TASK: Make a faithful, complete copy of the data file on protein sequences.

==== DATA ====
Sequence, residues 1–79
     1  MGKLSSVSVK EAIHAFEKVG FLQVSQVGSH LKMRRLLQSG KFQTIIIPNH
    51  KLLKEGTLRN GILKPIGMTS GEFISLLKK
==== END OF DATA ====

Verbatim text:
Sequence, residues 1–79
     1  MGKLSSVSVK EAIHAFEKVG FLQVSQVGSH LKMRRLLQSG KFQTIIIPNH
    51  KLLKEGTLRN GILKPIGMTS GEFISLLKK